by Chet Raymo
"Remember "counting out"? Do kids still "count out"? Consider a count among six children:
(1)Einie (2)meenie (3)meinie (4)mo, (5)catch (6)a feller (1) by the (2)toe, (3)if he (4)hollers (5)let him (6)go, (1)einie (2)meenie (3)meinie (4)mo. Number 4 is "out."
Back in the early 70s, Kenneth Goldstein published an ethnographic study of counting out rhymes. By extending the rhyme, a clever counter could count out a child other than number 4:
(5)My (6)mother (1)says (2)that (3)you (4)are (5)it.
(6)But (1)I (2)say (3)that (4)you (5)are (6)out.
Alternately, the counter can secure advantage by selecting among "allowable" rhymes, depending on the number of children:
Andy/ Mandy/ sugar/ candy/ out/ goes/ you. Seven counts.
Inka/ bink/ a bottle/ of ink/ I/ say/ you/ stink. Eight counts.
According to Goldstein, these and other strategies require a certain amount of insight by the counter, and are considered legitimate and clever by the other children. The most common form of manipulation by the counter, however, is simply to skip a beat. This is frowned upon by the other children as "dishonest" and "against the rules."
Within the game of counting out there is, for any group of children, an accepted repertoire of rhymes, a traditionally established number of beats, and established ways of setting up the count, says Goldstein. The system is sufficiently rigid to give most children a sense that "all is fair." Still, within the rigidity of the system there is room for a clever counter to achieve a desired outcome.
What, pray, does this have to do with science, or anything else for that matter? There is a wonderful book about play that was on every intellectual's reading list when I was a young man: Johan Huizinga's "Homo Ludens" (playful man). Huizinga writes: "Inside the play-ground an absolute and peculiar order reigns. Here we come across another, very positive feature of play: It creates order, is order. Into an imperfect world and into the confusion of life it brings a temporary, a limited perfection. Play demands order absolute and supreme. The least deviation from it "spoils the game," robs it of its character and makes it worthless…Play casts a spell over us, it is "enchanting," "captivating." It is invested with the noblest qualities we are capable of perceiving in things: rhythm and harmony.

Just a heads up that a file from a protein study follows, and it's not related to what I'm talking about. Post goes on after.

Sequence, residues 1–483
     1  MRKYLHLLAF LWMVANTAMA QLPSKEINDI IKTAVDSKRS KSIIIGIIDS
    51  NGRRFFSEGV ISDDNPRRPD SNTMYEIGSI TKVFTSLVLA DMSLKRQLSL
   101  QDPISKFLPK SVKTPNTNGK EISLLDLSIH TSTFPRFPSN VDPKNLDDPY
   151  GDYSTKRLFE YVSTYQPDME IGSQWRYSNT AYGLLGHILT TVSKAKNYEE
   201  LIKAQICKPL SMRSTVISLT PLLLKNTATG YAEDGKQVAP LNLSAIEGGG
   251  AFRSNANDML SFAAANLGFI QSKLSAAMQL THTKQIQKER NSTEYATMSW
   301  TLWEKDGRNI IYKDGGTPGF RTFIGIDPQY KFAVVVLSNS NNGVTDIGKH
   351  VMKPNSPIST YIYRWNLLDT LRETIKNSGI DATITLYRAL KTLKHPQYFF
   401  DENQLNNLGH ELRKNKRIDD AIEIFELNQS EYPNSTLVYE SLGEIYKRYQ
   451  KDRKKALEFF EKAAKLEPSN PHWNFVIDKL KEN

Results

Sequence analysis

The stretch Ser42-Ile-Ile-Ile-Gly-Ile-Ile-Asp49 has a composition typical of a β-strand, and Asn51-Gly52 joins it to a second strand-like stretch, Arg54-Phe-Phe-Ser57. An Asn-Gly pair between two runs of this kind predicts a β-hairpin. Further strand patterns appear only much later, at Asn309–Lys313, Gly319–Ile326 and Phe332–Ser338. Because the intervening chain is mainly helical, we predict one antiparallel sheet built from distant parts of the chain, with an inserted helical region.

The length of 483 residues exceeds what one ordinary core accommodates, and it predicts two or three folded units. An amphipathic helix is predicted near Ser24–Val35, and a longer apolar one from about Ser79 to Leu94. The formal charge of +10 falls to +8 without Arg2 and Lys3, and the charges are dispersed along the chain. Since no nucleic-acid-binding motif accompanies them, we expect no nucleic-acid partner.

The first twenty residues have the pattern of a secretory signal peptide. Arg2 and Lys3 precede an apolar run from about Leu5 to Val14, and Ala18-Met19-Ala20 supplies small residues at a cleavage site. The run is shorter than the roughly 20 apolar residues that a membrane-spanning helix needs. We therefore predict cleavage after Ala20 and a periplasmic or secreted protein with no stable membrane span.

The first playground is the parent's lap and the first game is the nursery rhyme. The rhyme is a special activity, marked off from ordinary discourse, structured by rhyme, rhythm and alliteration. The child reacts with pleasure to "rhythm and harmony," is consoled by a feeling of familiarity and order. The least deviation from the rhyme is put right: "That's not the way it goes."
These same needs and emotions led early cultures to impose images of familiar figures on the otherwise chaotic scattering of stars in the night sky- swans, bears, human heroes, etc. The constellations provided the pleasure of recognition ("Look! Orion!") The stories that accompanied the figures were not as important as the figures themselves, which gave a sense of necessity, rightness. The constellations were "enchanting," "captivating." They created order.
But there were deviations from the patterns. A few stars, the so-called "wandering stars" (the planets), had the annoying habit of moving about, breaking the rules. A more general "rhyme" had to be invented that made these stars once again part of a pattern. It was not an easy task, and required more than a mythological figure or story, but the basic human need was there- the need satisfied on the parent's lap or in the playground- for rhythm and harmony, for order. It was precisely here, in the problem of finding a "rhyme" that encompassed the motions of the Sun, Moon, and planets, that science as we know it was born."
Nursery rhymes and the eccentrics, equants and epicycles of Ptolemy have this in common: repetition and alteration. It only makes sense to see them springing from the same emotional needs. Huizinga writes: "In the faculty of repetition lies one of the most essential qualities of play. It holds good not only of play as a whole but also of its inner structure. In nearly all the higher forms of play the elements of repetition and alteration are like the warp and woof of a fabric."